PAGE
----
Ocean Kinetics - The Engineering Experts

Fishing leaders ‘let down’ as Tories agree UK will remain part of CFP for another two years

The fishing industry has reacted furiously to news that the UK will remain subject to the Common Fisheries Policy until at least December 2020.
Photo: Shetland News

FISHING leaders have reacted with fury after it emerged that the UK will remain part of the Common Fisheries Policy (CFP) during the two-year Brexit transition period due to begin in 12 months’ time.

Shetland Fishermen’s Association (SFA) said the case for different treatment of the fishing industry had been “squandered without a fight”, while the Scottish Fishermen’s Federation (SFF) said it “falls far short of an acceptable deal”.

Northern Isles MP Alistair Carmichael accused UK Prime Minister Theresa May of “failing to deliver on promises made to the fishing industry about their future post-Brexit”.

While almost the entire industry campaigned to leave the EU to escape the clutches of the hated CFP, many others warned that UK Government negotiators may ultimately view fishing – representing just 0.05 per cent of the country’s GDP – as dispensable in the way the Tories did upon joining the EU in the 1970s.

The industry had been promised as recently as last week by environment minister Michael Gove and the Conservatives’ Scottish leader Ruth Davidson that it would withdraw from the CFP on the day of leaving the EU.

But agreement has now been reached for the UK to be “consulted” on arrangements, with the EU continuing to set quotas during the transition – expected to last from March 2019 until December 2020.

The SFA’s executive officer Simon Collins said it was an “extremely harmful deal in two respects”.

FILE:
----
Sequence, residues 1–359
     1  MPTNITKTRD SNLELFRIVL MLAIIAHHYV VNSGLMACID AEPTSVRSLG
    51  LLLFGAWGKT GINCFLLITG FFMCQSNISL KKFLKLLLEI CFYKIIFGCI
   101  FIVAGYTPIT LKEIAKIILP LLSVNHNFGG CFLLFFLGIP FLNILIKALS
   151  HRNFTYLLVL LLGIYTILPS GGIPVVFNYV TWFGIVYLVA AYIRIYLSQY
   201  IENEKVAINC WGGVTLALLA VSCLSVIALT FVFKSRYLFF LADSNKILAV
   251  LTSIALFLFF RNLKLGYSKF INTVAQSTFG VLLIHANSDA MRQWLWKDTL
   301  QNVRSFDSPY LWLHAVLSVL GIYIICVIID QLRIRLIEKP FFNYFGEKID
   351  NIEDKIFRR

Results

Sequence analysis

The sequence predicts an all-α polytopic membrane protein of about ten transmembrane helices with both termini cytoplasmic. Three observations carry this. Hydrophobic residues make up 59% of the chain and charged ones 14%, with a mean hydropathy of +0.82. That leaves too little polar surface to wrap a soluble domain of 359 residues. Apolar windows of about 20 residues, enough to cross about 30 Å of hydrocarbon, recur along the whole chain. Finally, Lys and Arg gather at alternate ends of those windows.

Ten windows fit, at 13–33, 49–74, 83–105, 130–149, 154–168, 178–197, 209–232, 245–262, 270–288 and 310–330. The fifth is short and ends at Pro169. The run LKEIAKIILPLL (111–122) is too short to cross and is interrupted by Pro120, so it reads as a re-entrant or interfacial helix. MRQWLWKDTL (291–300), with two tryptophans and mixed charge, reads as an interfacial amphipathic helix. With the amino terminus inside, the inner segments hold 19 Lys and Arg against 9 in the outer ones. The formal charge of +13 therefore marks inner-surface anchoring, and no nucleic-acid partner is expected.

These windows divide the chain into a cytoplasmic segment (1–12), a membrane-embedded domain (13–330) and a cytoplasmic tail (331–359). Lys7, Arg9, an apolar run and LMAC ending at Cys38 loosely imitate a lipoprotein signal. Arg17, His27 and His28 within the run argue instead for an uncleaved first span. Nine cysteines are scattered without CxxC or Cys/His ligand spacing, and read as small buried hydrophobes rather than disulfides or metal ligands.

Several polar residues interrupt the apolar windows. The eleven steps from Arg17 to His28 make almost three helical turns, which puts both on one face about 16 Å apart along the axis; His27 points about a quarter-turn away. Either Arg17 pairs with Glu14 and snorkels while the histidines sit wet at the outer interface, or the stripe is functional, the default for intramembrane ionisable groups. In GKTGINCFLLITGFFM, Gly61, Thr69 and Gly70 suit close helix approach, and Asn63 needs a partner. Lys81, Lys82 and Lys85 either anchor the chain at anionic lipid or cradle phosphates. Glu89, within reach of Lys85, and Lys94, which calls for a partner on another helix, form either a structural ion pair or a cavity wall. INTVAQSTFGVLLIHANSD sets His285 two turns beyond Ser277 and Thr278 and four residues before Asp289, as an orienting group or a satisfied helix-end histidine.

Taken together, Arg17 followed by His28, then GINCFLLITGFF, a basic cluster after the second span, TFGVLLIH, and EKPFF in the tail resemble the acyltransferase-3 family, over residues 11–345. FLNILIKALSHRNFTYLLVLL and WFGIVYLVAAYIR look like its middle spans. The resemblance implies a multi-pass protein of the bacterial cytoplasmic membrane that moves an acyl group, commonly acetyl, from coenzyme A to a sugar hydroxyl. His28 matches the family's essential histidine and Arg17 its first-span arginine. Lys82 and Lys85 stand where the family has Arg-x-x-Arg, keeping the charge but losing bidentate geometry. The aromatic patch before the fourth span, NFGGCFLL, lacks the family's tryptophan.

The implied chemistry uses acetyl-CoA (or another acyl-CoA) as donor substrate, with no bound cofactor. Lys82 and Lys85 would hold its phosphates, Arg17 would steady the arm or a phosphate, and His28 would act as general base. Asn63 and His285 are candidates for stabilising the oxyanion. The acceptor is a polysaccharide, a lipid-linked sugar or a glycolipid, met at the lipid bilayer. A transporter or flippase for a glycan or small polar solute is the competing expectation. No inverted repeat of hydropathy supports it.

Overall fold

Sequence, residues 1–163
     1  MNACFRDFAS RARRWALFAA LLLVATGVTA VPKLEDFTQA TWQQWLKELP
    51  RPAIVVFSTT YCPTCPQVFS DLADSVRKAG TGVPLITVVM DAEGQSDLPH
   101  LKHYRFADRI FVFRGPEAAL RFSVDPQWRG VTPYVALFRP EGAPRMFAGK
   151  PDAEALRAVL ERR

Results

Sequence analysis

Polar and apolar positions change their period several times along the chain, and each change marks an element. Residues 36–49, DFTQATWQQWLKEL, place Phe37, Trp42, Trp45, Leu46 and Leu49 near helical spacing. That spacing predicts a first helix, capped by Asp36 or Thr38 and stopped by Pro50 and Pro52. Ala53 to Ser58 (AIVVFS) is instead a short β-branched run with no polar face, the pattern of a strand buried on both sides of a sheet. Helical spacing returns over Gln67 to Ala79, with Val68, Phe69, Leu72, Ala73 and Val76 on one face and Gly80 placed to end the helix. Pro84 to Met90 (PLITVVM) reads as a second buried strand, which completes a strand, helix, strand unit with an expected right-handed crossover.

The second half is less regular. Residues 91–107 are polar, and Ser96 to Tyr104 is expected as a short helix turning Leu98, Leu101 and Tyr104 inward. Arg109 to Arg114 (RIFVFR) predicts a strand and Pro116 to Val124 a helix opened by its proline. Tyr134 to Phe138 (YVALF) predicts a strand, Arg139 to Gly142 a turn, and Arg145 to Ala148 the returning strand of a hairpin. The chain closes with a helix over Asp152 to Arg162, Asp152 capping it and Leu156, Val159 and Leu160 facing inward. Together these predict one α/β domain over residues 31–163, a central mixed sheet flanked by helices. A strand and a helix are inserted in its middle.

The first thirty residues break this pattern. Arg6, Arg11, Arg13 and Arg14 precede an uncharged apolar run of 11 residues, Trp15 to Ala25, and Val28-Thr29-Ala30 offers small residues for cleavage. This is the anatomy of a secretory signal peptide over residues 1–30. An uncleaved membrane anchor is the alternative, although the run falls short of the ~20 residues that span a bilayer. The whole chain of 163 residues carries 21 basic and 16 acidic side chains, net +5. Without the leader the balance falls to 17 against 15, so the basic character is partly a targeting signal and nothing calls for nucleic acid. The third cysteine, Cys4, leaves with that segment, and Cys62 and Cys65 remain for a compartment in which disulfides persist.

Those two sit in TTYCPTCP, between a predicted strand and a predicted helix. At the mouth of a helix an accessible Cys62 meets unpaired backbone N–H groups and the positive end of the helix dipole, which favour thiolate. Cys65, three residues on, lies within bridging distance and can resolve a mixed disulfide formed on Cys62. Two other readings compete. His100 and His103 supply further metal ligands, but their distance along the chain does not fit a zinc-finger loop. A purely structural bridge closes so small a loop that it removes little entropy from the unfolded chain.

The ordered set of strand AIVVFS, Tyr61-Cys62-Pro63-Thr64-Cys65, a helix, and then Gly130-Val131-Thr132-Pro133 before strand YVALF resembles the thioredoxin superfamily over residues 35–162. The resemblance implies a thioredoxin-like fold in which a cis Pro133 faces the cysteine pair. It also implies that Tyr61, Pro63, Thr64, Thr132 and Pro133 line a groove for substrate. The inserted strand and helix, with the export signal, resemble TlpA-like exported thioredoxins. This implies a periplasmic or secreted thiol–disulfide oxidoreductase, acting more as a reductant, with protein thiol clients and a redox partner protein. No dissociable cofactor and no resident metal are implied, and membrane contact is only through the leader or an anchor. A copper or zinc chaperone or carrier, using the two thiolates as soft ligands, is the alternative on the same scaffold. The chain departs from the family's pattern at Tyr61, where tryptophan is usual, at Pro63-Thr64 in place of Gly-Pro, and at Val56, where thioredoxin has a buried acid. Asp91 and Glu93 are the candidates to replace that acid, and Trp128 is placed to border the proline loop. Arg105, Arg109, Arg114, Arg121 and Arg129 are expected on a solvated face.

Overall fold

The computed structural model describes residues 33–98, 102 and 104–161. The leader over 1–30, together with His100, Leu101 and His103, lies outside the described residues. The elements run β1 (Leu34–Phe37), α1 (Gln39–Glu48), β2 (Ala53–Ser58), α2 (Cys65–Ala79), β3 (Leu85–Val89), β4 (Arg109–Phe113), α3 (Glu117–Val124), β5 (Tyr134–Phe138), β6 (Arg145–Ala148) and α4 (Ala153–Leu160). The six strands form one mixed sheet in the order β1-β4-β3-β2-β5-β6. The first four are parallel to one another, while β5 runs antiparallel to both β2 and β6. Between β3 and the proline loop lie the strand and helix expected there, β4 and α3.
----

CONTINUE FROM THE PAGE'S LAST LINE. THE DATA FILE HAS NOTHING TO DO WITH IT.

“Firstly it takes us backwards from where we are now by depriving the UK of influence on every major aspect of fisheries, in effect for two years,” he said. “Instead of gaining sovereignty over our waters, we are actually ceding most of what little control we have at present.

“Secondly, the failure of our negotiators to stand up for the fishing industry’s interests has destroyed our trust in our own government, and it will take a monumental effort on their part to restore this.

“The case for fisheries to be treated differently during the a transition period was both unique and strong – but it has been squandered without a fight.”

Carmichael said: “This is not the deal that fishermen across the country were promised by the Leave campaign, or by Michael Gove and the Prime Minister. The negotiating weaknesses of the government must not be allowed to lead to long term losses for the industry.

“The Prime Minister committed us to leaving the CFP when we leave the EU, and has now let down fishing communities across the country by watering down this commitment.

“The government have let down fishermen for the first two years after Brexit, the question now is whether they will let them down indefinitely at the end of the transition deal.”

SFF chief executive Bertie Armstrong said the UK would “leave the EU and leave the CFP, but hand back sovereignty over our seas a few seconds later”.

“Our fishing communities’ fortunes will still be subject to the whim and largesse of the EU for another two years,” he said.

“Put simply, we do not trust them to look after us. So we issue this warning to the EU: be careful what you do or the consequences later will be severe. To our politicians we say this: some have tried to secure a better deal but our governments have let us down.

“As a consequence, we expect a written, cast iron guarantee that after the implementation period, sovereignty will mean sovereignty and we will not enter into any deal which gives any other nation or the EU continued rights of access or quota other than those negotiated as part of the annual Coastal States negotiations.”

Following Monday’s development, Davidson issued a statement saying she recognised the industry was “deeply frustrated”, adding: “Over the long term, today’s agreement makes clear that, from 2020, the UK will be an independent coastal state, deciding who can access our waters and on what terms.

“So I should make it clear today that I will not support a deal as we leave the EU which, over the long term, fails to deliver that full control over fish stocks and vessel access.”